Two Snow Car Myths Debunked

Mazda CX-9
Image by Thomas doerfer, Wikimedia Commons

Even in today’s world of advanced technology and information sharing, some myths continue to persist and it’s time to put a stop to them. Here are a couple of answers that Mazda dealers in Toronto gave when asked regarding the most persistent myths about driving in snow.

Good Baggage

The myth goes that if you carry sandbags in the trunk of your car, the weight in the rear will provide easier traction. This idea used to be true in the days when cars were front-heavy, rear-wheel drives. A hundred pounds of weight would definitely help vehicles climb a snowy hill, but most cars today have front, and sometimes even four-wheel drive transmissions. Even the remaining rear-wheel drive sedans have an improved front-to-rear weight distribution, as well as all-season tires.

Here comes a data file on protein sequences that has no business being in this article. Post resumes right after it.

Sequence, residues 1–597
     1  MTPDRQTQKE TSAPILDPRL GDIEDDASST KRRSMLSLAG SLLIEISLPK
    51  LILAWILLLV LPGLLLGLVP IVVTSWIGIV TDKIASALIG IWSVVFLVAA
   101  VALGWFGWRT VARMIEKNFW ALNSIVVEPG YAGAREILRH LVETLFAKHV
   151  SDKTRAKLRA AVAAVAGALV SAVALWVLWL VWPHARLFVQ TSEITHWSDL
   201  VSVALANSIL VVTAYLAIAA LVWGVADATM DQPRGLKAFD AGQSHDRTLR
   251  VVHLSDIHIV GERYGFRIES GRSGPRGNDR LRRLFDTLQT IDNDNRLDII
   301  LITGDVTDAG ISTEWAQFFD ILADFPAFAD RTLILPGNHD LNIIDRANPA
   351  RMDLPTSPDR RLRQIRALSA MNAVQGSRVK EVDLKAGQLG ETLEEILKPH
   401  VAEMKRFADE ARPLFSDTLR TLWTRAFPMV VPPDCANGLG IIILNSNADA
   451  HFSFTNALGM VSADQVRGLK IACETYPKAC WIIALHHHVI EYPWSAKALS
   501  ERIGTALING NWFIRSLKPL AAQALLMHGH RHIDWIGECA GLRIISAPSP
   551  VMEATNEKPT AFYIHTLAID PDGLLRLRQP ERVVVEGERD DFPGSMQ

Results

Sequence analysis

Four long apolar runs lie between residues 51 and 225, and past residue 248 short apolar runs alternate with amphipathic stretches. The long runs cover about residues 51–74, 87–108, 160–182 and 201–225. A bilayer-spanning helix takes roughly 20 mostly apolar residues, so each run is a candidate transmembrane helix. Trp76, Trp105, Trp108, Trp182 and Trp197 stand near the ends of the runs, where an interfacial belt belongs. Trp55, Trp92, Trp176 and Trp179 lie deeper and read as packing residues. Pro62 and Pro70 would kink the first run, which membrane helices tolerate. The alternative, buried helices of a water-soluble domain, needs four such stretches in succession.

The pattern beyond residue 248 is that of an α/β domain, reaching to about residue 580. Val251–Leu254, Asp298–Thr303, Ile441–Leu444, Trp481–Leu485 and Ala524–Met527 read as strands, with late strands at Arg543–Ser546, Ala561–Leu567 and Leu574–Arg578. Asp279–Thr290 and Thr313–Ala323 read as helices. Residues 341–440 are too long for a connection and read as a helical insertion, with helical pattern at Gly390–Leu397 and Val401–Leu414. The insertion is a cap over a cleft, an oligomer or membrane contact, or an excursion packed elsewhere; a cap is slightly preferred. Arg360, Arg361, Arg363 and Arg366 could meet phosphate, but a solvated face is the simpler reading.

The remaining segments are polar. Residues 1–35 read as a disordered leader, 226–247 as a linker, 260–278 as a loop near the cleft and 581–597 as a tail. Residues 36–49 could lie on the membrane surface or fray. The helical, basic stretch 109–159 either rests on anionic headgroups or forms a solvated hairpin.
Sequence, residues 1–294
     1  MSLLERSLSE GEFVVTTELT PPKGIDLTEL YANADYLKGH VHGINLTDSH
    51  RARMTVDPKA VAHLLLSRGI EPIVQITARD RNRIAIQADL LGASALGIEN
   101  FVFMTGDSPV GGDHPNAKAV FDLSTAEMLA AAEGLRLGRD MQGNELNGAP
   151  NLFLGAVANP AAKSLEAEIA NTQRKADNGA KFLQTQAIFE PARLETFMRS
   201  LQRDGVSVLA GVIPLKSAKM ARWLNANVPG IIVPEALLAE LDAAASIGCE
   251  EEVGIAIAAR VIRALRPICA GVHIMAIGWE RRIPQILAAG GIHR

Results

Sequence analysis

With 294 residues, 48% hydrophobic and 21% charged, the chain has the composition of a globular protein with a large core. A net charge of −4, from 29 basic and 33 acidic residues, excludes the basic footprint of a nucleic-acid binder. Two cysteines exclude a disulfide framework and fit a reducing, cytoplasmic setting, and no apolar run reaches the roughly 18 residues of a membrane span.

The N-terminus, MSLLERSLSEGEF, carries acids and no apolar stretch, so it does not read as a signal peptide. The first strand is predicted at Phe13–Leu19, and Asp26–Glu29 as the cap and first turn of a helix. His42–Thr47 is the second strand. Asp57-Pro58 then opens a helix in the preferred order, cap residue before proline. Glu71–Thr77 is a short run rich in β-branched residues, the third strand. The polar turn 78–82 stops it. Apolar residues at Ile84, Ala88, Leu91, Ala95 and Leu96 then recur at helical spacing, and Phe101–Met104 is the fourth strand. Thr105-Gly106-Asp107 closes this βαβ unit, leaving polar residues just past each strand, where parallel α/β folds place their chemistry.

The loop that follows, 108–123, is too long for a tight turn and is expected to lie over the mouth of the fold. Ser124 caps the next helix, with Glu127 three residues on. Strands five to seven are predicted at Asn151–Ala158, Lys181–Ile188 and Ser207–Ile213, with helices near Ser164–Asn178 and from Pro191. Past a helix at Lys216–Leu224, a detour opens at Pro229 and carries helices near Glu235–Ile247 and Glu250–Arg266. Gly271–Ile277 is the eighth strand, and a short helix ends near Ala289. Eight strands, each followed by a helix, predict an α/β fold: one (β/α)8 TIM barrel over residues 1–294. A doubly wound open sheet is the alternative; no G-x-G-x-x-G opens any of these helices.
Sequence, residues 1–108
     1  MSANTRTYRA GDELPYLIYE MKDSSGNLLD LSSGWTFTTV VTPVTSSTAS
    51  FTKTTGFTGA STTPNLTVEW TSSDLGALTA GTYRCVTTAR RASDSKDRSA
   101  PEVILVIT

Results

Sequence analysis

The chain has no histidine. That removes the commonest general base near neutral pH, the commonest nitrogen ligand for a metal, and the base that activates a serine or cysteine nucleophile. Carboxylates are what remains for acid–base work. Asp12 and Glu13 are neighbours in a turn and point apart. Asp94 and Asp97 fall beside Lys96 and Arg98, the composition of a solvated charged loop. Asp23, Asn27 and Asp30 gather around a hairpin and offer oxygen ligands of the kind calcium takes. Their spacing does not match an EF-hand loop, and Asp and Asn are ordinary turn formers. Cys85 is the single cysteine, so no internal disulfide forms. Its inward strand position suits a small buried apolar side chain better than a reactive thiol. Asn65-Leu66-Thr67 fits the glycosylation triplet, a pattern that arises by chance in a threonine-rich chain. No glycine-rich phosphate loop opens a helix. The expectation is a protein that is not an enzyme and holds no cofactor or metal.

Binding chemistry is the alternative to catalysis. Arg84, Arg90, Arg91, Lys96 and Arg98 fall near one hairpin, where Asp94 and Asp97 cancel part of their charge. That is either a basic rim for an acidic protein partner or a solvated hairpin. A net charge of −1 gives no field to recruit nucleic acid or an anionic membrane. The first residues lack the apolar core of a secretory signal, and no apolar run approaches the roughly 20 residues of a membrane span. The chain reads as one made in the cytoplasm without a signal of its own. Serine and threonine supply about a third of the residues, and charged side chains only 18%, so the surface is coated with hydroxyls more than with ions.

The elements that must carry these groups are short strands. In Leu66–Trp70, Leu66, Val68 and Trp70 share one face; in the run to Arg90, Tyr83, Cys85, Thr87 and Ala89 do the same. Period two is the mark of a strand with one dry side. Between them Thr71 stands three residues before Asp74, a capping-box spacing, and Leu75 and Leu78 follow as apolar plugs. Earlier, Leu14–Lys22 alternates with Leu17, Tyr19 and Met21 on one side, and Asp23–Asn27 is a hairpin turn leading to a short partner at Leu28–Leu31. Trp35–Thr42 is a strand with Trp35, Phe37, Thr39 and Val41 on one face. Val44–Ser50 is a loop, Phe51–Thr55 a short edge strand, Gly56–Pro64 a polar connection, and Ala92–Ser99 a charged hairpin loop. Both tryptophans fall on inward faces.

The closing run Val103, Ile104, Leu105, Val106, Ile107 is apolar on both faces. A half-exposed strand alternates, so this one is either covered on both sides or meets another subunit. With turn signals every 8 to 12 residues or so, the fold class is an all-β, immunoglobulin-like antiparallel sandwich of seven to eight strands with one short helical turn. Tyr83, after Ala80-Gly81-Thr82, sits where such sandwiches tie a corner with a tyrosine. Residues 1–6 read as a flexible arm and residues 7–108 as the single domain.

Mazda CX-9
Image Property of Thomas doerfer, Wikimedia Commons

Lunch Start

Some people like starting their cars during their lunch breaks, because the thinking goes, “if a car starts at lunch, it’ll start at quitting time”. Starting a car and idling it for ten minutes can actually be harmful, and is especially true for used cars. This practice dilutes the oil of the car with fuel that never gets burned off. That diluted oil can cause premature wear on an engine, which will stop from running in the long-term.

These are just some of the lasting myths that need debunking. Talk to your dealer prior to a purchase and keep yourself informed.